At McVay Media we have a number of stations throughout Canada that we help. It's a very interesting challenge as Canada clearly has a different culture and approach to radio than the U.S. Right now radio broadcasting is enjoying a solid growth pattern in Canada with revenues growing at record rates. The CRTC (the government regulation agency) is expanding the number of stations in many markets and there is also a bit of a consolidation wave going on in the ownership arena.
One of the regulations that really stands out to many U.S. programmers is the Canadian Content rule. This is a govt. regulation that 35% (in most cases) of the music played from 6a-12m must be of Canadian origin. The idea here is to grow and perserve Canadian artists, writers, producers and musicians.
The results have been very good for those in the Canadian music biz. While U.S. programmers may not realize it a lot of Canadian talent is on your weekly playlist. In Rock bands like Nickleback, Our Lady Peace, Theory of a Deadman, Hinder and many more hail from various Canadian locales. Country and AC also have a pretty strong line up of Canadian content.
While it may seem like a 'wierd' regulation to some it's worked out very well in Canada allowing many artists to build a career and hasn't handicaped the radio stations too much. But, the world is changing. With the advent and growth of streaming signals from anywhere in the globe with no regulations on content, satellite radio with less regulation on Canadian content, the spread of I-Pod/MP3 players and the advent of cell phone and WiFi networks that will stream music just around the corner suddenly the Canadian broadcaster will face increasing drains on their TSL and audience.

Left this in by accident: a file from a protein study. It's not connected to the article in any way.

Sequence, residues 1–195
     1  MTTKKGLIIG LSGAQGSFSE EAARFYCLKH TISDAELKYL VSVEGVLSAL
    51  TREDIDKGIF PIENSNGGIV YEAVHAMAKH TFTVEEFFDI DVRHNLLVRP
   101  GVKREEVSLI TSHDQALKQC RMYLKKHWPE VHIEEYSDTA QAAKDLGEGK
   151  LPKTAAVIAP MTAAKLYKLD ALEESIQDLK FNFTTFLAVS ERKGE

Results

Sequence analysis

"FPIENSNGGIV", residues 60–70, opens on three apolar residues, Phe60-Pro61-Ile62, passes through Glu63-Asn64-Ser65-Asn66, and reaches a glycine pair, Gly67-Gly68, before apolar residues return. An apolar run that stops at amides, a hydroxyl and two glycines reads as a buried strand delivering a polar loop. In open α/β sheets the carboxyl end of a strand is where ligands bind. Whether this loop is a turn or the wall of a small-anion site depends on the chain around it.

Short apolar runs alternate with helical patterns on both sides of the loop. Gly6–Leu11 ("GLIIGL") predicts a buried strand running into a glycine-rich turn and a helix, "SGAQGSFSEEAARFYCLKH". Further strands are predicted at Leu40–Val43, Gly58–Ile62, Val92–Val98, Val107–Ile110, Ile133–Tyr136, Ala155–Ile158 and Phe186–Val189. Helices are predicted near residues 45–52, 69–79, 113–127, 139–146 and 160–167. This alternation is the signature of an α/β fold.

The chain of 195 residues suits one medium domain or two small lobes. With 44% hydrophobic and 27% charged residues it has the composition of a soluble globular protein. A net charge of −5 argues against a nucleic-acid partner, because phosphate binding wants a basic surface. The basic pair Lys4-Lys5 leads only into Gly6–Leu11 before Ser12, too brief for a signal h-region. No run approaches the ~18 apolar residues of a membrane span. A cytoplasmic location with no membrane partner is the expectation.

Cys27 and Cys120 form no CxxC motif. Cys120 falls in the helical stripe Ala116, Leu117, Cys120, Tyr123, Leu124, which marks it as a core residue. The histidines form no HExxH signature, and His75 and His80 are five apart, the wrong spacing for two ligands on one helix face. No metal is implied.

Now the CRTC and various artists organizations are lobbying for an increase in Canadian content to 40%. While 5% may not seem like a lot right now and in most formats there is probably enough quality/hit product to support it we also have to look at the long term competitive enviornment here. What would happen if the Canadian audience began to stray (as it already has in the U.S.) off to streams, cell phone stations, Podcasts, I-Pod/MP3, and other music entertainment sources leaving radio behind?
Forcing the stations to nearly 1/2 Canadian content could handicap Canadian radio. What happens when you don't have the room to expose big songs, developing artists and hot -in demand- music that is not from Canada. Your new media competition will not likely have similiar limitations and could end up with a stronger product that pulls the listener and Canadian music consumer away from the broadcast stations. Suddenly the goose (broadcasters) that laid the golden eggs for the musicians can't produce the results.
Both the broadcasters and the musicians in Canada are enjoying a healthy return on both sides of the fence. Will an increase help the musicians and not hurt the broadcasters? Do you want to find out?